1) The adversary queries the oracle (with some randomly chosen message $m$) and gets as a result a message $m=m_1|m_2|...$ and its tag $t=(t_0,F_{k_2}(t_r))$. She then draws $\rho$ uniformly at random in $\{0,1\}^n$ and outputs the message $m=\rho\oplus m_1|m_2|...$ and its (valid) tag $t=(\rho\oplus t_0,F_{k_2}(t_r))$. 2) The adversary queries the oracle ...

4

AES (as any block cipher) strifes to be indistinguishable from a random permutation, so any property like $C_1 \oplus C_2 = P_1 \oplus P_2$ would be quite bad. This property (with $K$ as the "key stream bits") is valid for synchronous stream ciphers, including the one time pad and stream cipher modes of block ciphers (CTR, OFB, and for the first block also ...

4

XTS vs. Undiffused CBC. The issue here is malleability. Both XTS and CBC prevent an attacker from learning information about encrypted data. However, neither one completely succeeds in preventing an attacker from tampering with encrypted data. However, it's arguably easier to tamper with an (undiffused) CBC ciphertext than it is to tamper with an XTS ...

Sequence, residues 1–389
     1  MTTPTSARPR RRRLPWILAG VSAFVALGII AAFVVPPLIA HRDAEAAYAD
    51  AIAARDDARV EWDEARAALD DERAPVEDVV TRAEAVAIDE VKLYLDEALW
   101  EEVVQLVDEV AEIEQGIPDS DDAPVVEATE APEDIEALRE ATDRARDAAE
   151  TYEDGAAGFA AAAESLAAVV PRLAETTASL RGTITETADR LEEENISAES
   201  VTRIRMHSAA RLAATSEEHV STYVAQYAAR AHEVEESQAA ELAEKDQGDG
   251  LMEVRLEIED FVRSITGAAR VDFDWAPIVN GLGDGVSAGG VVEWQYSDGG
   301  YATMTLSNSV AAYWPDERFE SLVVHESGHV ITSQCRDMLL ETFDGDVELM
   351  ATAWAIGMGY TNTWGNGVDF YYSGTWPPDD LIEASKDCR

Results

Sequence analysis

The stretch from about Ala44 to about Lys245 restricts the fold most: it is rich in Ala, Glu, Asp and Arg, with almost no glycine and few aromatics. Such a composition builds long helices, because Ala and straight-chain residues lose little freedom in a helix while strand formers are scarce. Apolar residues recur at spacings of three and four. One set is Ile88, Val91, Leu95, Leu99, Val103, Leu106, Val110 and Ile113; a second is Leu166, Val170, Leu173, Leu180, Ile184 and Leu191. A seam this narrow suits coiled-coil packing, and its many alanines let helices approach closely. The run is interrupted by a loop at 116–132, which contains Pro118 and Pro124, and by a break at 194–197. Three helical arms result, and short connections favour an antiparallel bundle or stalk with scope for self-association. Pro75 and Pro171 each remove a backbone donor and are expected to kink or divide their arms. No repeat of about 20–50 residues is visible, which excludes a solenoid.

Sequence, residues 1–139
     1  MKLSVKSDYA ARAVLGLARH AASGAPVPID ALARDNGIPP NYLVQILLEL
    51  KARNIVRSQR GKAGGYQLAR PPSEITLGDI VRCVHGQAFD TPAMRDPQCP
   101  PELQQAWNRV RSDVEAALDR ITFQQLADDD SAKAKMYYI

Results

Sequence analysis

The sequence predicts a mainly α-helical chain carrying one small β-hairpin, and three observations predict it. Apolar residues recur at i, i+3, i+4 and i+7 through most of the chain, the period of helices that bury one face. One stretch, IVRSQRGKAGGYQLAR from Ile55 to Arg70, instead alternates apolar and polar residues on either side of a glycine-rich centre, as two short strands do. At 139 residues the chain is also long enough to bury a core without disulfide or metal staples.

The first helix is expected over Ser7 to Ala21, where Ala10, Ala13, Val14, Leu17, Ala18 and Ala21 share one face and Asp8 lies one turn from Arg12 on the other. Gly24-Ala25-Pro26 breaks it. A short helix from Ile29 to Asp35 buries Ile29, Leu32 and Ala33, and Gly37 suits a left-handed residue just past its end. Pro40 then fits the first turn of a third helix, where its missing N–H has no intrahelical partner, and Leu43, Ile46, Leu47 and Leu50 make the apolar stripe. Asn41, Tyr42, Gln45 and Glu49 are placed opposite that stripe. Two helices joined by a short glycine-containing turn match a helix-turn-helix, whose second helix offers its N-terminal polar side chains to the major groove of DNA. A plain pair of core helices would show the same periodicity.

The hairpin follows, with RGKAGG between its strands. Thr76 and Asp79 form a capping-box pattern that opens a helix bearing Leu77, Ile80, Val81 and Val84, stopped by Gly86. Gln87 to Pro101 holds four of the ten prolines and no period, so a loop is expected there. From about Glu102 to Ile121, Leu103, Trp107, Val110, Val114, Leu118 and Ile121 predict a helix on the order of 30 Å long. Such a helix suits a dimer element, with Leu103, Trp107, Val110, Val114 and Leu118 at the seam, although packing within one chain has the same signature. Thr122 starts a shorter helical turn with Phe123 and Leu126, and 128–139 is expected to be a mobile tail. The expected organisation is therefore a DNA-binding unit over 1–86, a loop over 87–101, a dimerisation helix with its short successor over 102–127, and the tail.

4

I wrote a rather lengthy answer on another site a few days ago. Bottom-line is that CTR appears to be the "safest" choice, but that does not mean safe. The block cipher mode is only part of the overall protocol. Every mode has its quirks and requires some extra systems in order to use it properly; but in the case of CTR, the design of these extra systems is ...

4

Your problem is that if you encrypt two messages which start the same (and change at some point later on) the beginning of the ciphertext will be the same in CBC mode when using the same IV. Normally you should change the IV every time you encrypt a new message. This is precisely what the IV is meant for - achieving IND-CPA (semantic) security which ...

4

Yes, this is fine, at the record level. (What you've built would be classified as a "Encrypt-then-Authenticate" scheme in the literature, and there are standard provable security results for such schemes.) Well done on constructing a solid, well-engineered cryptographic scheme. An AEAD mode would spare you from having to invent such a scheme, but what ...